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CARICOM to review regional arbitration legislation

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Regional arbitration legislation will be reviewed by stakeholders with a view to bringing CARICOM Member States up-to-date on its status in various countries and making proposals for new model legislation. This activity is being undertaken with funding from the Government of Canada, through the Improved Access to Justice in the Caribbean (IMPACT Justice) Project.{{more}}

The Arbitration Acts in CARICOM Member States are based on English arbitration legislation of 1889 and 1934, later consolidated into the Arbitration Act, 1950. The English have since modernized their Arbitration Act in 1996. The latter Act is based on the UNCITRAL Model Law on International Commercial Arbitration. To date, some 68 countries have modernized their arbitration legislation and adopted the UNCITRAL Model Law, while the legislation in CARICOM Member States remains, for the most part, outdated.

A meeting with regional stakeholders will be held in Port of Spain today and tomorrow (March 13 to 14 2015). It is at this meeting that attorneys-at-law, academics, accountants, engineers, architects and others impacted by arbitration legislation will discuss adopting a modern model arbitration law for the region. This is viewed as a necessary step toward the region being seen as a competitive force in the era of globalization.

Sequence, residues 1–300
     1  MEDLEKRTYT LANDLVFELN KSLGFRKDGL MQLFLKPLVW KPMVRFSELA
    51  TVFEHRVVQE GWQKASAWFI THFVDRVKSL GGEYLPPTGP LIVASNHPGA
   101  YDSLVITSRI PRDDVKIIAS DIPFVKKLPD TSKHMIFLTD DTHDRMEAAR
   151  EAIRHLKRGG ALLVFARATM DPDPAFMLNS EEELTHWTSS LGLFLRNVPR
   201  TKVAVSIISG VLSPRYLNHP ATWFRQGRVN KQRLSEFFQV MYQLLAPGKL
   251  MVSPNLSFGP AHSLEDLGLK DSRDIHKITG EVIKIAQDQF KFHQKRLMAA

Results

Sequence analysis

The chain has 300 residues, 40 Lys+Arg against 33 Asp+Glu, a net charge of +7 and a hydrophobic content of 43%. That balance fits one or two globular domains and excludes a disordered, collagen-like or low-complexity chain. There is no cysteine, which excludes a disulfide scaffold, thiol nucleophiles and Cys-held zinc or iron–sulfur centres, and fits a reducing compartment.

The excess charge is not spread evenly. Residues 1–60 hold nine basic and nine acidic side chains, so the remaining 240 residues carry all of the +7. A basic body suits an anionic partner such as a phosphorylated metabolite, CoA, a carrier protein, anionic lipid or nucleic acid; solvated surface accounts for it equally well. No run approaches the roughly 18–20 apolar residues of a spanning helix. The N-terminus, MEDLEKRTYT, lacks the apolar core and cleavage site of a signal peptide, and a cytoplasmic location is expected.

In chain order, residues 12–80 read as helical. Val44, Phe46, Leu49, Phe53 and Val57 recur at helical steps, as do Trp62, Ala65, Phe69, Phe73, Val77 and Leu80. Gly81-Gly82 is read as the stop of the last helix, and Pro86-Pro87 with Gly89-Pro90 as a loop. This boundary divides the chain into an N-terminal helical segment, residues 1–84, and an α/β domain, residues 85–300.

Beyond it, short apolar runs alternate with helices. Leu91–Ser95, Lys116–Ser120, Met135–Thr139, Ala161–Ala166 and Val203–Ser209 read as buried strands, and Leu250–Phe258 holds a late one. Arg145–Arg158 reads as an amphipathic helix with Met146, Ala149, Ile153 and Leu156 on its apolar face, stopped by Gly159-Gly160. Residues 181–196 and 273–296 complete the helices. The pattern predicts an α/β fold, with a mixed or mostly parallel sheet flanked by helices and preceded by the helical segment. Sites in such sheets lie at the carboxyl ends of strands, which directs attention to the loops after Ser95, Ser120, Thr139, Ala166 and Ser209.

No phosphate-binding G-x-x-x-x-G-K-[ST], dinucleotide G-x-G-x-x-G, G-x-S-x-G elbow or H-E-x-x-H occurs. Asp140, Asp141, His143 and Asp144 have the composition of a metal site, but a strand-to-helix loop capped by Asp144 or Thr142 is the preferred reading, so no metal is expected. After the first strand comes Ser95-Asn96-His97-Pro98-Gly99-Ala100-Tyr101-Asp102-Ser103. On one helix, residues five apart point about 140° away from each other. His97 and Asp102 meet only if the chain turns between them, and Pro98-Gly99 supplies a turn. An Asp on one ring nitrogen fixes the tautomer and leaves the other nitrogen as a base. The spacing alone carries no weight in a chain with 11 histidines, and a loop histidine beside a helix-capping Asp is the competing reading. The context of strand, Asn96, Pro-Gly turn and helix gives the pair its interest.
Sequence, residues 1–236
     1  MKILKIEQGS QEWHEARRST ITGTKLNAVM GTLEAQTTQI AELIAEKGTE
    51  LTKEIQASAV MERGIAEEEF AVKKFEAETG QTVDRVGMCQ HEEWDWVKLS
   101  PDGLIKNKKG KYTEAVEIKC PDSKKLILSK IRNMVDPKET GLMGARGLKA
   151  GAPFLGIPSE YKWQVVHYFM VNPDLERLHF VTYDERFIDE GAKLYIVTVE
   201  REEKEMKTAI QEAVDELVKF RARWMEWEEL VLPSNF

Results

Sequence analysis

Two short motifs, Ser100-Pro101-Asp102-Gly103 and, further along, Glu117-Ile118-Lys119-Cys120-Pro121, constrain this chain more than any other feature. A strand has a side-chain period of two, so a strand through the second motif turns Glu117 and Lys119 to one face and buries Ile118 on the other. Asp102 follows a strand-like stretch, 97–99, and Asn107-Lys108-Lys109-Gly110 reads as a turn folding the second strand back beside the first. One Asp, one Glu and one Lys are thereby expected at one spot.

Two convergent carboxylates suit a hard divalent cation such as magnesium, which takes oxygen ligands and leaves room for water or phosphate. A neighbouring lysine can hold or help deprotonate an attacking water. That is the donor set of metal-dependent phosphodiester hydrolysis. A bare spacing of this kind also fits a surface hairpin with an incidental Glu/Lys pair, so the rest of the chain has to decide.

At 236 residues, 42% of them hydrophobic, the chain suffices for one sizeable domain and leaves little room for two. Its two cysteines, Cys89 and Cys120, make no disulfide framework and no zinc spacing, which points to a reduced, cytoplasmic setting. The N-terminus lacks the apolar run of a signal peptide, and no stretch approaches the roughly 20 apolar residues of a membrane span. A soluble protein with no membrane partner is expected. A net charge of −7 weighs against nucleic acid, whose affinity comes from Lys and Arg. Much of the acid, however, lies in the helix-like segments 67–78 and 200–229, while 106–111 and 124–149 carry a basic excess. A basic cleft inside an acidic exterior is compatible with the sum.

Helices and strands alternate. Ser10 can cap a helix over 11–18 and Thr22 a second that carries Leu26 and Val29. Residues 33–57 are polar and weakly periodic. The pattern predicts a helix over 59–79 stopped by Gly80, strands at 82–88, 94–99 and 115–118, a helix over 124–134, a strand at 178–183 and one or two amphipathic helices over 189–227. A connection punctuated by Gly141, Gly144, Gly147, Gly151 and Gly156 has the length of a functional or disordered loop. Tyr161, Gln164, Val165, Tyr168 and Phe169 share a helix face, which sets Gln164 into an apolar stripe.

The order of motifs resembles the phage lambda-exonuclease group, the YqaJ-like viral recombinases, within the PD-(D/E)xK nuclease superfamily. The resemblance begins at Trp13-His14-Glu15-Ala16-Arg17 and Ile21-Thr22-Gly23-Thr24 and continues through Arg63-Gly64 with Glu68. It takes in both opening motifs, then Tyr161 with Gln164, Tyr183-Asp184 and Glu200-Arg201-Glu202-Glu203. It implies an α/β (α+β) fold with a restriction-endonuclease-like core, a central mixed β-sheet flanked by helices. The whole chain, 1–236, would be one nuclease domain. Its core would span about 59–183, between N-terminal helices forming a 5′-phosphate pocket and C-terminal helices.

This activity is part of a larger undertaking under which the IMPACT Justice Project will draft gender and environmentally sensitive model CSME and other laws for presentation to the CARICOM Legal Affairs Committee for approval. This is in keeping with the project’s commitment to provide assistance to CARICOM Member States in formulating laws leading to cooperation and economic integration as a means of promoting greater integration and sustainable economic growth in the region.

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